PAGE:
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USPS Is Warning Customers About New Mail Delays

New and ongoing challenges could create issues for on-time deliveries.

With millions of gifts being shipped across the country, the U.S. Postal Service (USPS) is currently in the middle of its busiest season of the year. Thankfully, it's been preparing for this: Since Jan. 2022, the USPS has been implementing new strategies and improvements to help manage the increased holiday demand. That having been said, the Postal Service can't prepare for everything. Now, the USPS is warning customers about new potential mail delays over the holidays. Read on to find out why your packages might not make it to their destination on time.

READ THIS NEXT: USPS Is Making These Major Changes to Your Deliveries, Starting Jan. 22.

People across the U.S. have been complaining about delivery issues.

Mailman with package during snow storm. Taken January 7, 2017 in New York.

Over the past month, mail complaints have piled up, with many upset over delivery delays during one of the most important shipping seasons.

"There are extreme delays every day," Mark Seitz, president of the National Association of Letter Carriers Branch 92, which represents about 700 postal workers in southern Maine, told the Portland Press Herald. Seitz said mail for about 15 to 20 routes in the area isn't going out for delivery every day.

And it's not just Maine. Residents in Colerain Township, Ohio, told NBC-affiliate WLWT on Dec. 15 that they are only getting their mail about once a week, and others have reported going as long as two weeks without having their mail delivered.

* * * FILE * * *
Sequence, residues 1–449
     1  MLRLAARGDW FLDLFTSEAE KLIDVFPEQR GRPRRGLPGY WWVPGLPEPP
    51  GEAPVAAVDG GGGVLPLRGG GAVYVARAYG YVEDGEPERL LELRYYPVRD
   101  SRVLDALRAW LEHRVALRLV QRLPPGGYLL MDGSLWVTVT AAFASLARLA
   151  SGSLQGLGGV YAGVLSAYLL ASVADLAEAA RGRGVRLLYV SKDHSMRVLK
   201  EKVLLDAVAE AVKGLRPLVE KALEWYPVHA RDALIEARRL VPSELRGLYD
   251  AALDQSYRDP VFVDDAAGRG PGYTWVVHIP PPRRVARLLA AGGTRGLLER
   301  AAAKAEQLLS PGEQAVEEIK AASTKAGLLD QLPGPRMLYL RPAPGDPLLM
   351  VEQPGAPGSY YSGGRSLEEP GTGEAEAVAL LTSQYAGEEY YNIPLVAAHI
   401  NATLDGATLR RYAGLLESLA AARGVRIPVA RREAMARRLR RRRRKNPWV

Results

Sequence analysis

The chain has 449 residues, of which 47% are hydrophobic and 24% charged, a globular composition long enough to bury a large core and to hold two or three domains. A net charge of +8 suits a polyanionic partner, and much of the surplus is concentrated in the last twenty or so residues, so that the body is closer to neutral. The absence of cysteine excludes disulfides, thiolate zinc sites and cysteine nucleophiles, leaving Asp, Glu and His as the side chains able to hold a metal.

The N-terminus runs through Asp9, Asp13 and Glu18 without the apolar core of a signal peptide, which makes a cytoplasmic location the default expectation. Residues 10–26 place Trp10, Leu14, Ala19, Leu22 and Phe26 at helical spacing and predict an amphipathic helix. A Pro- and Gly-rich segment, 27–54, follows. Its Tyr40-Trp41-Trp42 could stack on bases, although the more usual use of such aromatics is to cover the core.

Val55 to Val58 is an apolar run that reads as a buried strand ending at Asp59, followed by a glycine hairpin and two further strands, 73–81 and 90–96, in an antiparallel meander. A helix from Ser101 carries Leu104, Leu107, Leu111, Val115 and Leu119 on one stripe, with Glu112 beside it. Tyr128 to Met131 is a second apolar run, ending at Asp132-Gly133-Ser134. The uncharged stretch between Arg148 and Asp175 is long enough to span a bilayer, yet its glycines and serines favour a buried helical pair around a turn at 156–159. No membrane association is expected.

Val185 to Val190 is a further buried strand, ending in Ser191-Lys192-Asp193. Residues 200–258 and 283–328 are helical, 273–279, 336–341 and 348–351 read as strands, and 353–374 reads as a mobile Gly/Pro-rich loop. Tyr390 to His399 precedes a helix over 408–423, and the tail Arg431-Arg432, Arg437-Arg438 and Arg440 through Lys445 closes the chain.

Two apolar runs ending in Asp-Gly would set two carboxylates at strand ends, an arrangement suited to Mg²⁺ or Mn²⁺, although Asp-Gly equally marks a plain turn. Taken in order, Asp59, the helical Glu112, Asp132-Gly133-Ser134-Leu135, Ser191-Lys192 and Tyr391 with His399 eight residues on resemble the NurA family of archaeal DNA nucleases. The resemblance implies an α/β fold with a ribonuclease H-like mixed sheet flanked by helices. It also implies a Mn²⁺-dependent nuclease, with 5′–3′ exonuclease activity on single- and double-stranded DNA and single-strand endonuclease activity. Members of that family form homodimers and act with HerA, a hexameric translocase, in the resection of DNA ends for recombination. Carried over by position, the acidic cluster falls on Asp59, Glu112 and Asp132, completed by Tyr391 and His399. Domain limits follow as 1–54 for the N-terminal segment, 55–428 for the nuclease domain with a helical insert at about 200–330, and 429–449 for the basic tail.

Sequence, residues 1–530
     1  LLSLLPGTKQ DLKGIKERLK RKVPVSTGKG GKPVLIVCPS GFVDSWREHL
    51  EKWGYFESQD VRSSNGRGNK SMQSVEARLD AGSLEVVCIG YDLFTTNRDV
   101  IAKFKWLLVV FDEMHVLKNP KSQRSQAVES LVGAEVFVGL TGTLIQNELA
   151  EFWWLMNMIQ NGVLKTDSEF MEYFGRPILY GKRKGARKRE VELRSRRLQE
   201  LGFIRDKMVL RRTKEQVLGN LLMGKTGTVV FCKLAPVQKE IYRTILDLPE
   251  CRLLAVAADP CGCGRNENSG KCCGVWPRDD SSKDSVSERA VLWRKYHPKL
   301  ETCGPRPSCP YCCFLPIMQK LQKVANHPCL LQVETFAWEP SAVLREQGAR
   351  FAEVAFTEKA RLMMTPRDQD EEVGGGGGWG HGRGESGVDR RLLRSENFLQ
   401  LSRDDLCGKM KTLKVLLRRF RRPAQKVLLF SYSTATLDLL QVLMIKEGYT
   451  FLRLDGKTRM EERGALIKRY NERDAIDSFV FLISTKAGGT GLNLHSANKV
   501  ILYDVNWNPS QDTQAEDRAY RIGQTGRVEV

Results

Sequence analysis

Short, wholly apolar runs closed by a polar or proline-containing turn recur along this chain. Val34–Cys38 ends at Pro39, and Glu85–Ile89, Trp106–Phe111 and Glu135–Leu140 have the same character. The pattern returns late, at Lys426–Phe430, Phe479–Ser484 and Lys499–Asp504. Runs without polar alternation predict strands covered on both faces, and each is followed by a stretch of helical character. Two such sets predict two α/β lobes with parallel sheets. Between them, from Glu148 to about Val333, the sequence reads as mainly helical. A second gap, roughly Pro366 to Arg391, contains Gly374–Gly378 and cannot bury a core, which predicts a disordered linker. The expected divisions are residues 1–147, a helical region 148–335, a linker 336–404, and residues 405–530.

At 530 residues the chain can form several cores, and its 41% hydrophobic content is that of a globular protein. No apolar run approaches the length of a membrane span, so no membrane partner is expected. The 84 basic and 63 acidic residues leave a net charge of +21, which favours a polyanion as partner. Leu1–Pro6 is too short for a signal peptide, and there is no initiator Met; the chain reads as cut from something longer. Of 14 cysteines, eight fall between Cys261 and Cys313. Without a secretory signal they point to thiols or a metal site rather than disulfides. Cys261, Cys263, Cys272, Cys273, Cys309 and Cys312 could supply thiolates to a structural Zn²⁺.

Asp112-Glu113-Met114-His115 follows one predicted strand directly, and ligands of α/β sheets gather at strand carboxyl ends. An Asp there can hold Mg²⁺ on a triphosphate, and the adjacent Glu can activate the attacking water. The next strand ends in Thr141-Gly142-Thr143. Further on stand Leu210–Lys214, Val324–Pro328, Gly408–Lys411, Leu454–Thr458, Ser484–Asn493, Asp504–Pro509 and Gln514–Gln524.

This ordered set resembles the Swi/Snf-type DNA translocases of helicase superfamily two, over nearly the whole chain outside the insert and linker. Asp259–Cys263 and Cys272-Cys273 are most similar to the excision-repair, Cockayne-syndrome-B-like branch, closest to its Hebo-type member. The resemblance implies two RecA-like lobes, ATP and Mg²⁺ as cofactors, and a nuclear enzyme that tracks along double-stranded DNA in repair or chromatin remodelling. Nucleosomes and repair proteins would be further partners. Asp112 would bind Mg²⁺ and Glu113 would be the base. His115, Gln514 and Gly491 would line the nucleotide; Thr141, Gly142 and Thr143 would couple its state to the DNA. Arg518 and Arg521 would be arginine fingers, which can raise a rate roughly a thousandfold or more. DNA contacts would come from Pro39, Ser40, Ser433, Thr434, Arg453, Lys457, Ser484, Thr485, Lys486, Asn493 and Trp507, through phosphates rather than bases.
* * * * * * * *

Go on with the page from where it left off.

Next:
"I'm not sure what the Postal Service is doing, what's going on, but we need our mail," resident Swania Cunningham told the news outlet. "I'll check the mailbox every day. I look in there. I'll say 'oh, nothing.' So I've just got to a point where I'm like I'll just check every two weeks. And when I get do get mail, I get stacks of mail."

The Postal Service has confirmed that ongoing challenges are still causing problems.

New York NY/USA-May 10, 2020 USPS worker sorts packages in the Greenwich Village neighborhood in New York

Over in Camden, South Carolina, residents told CBS-affiliate News 19 on Dec. 13 that they've been dealing with regular delays for some time now. "For the past six months, I guess, maybe even more, we haven't been getting mail on a sometimes-daily basis," Camden resident Emily Volz told the news outlet. "When I called up there to ask, we don't even have a permanent driver for our route and was told because of the holidays they're not even gonna hire for our route yet."

The USPS confirmed to News 19 that staffing challenges are still creating delivery problems for some areas like Camden. "Like many other businesses right now, the Postal Service in Camden is experiencing temporary staffing issues," the agency said.

USPS spokesperson Mark Lawrence also recently acknowledged to the LNP that a similar problem is resulting in delivery delays for Lancaster, Pennsylvania, as well.